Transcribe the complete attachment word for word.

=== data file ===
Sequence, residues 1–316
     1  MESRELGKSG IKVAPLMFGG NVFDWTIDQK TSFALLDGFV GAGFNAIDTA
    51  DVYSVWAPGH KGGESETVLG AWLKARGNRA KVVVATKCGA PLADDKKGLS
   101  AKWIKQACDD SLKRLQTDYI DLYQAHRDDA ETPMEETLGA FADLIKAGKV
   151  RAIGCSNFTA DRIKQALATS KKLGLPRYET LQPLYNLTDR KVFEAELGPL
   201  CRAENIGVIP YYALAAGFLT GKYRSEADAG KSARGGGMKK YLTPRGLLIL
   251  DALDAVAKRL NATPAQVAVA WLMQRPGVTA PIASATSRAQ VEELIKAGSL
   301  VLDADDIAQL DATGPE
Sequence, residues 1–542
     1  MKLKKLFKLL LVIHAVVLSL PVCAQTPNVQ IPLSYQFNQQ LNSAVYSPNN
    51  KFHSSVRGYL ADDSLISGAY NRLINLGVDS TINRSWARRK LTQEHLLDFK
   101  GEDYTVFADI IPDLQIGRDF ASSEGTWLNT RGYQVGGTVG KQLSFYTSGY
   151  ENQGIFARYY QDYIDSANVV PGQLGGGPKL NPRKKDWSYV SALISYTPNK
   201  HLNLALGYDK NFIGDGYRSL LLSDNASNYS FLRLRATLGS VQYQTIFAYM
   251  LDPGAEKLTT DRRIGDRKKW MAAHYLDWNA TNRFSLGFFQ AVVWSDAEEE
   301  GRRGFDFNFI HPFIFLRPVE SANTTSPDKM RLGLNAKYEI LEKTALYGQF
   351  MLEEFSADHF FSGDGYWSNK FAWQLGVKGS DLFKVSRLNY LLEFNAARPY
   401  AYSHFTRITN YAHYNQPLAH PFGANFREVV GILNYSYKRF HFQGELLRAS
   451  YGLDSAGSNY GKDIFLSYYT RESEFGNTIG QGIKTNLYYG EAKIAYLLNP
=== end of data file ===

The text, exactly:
Sequence, residues 1–316
     1  MESRELGKSG IKVAPLMFGG NVFDWTIDQK TSFALLDGFV GAGFNAIDTA
    51  DVYSVWAPGH KGGESETVLG AWLKARGNRA KVVVATKCGA PLADDKKGLS
   101  AKWIKQACDD SLKRLQTDYI DLYQAHRDDA ETPMEETLGA FADLIKAGKV
   151  RAIGCSNFTA DRIKQALATS KKLGLPRYET LQPLYNLTDR KVFEAELGPL
   201  CRAENIGVIP YYALAAGFLT GKYRSEADAG KSARGGGMKK YLTPRGLLIL
   251  DALDAVAKRL NATPAQVAVA WLMQRPGVTA PIASATSRAQ VEELIKAGSL
   301  VLDADDIAQL DATGPE
Sequence, residues 1–542
     1  MKLKKLFKLL LVIHAVVLSL PVCAQTPNVQ IPLSYQFNQQ LNSAVYSPNN
    51  KFHSSVRGYL ADDSLISGAY NRLINLGVDS TINRSWARRK LTQEHLLDFK
   101  GEDYTVFADI IPDLQIGRDF ASSEGTWLNT RGYQVGGTVG KQLSFYTSGY
   151  ENQGIFARYY QDYIDSANVV PGQLGGGPKL NPRKKDWSYV SALISYTPNK
   201  HLNLALGYDK NFIGDGYRSL LLSDNASNYS FLRLRATLGS VQYQTIFAYM
   251  LDPGAEKLTT DRRIGDRKKW MAAHYLDWNA TNRFSLGFFQ AVVWSDAEEE
   301  GRRGFDFNFI HPFIFLRPVE SANTTSPDKM RLGLNAKYEI LEKTALYGQF
   351  MLEEFSADHF FSGDGYWSNK FAWQLGVKGS DLFKVSRLNY LLEFNAARPY
   401  AYSHFTRITN YAHYNQPLAH PFGANFREVV GILNYSYKRF HFQGELLRAS
   451  YGLDSAGSNY GKDIFLSYYT RESEFGNTIG QGIKTNLYYG EAKIAYLLNP